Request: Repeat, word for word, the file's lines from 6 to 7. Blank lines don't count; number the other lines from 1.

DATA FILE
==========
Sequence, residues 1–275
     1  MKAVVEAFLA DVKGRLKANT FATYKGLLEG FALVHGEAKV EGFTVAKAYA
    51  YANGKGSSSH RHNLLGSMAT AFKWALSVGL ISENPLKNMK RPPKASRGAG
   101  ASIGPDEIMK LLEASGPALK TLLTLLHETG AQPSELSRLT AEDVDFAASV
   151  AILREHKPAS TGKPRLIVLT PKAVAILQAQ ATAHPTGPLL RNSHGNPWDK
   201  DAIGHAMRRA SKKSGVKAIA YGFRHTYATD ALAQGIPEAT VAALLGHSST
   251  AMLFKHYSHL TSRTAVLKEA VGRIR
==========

   201  DAIGHAMRRA SKKSGVKAIA YGFRHTYATD ALAQGIPEAT VAALLGHSST
   251  AMLFKHYSHL TSRTAVLKEA VGRIR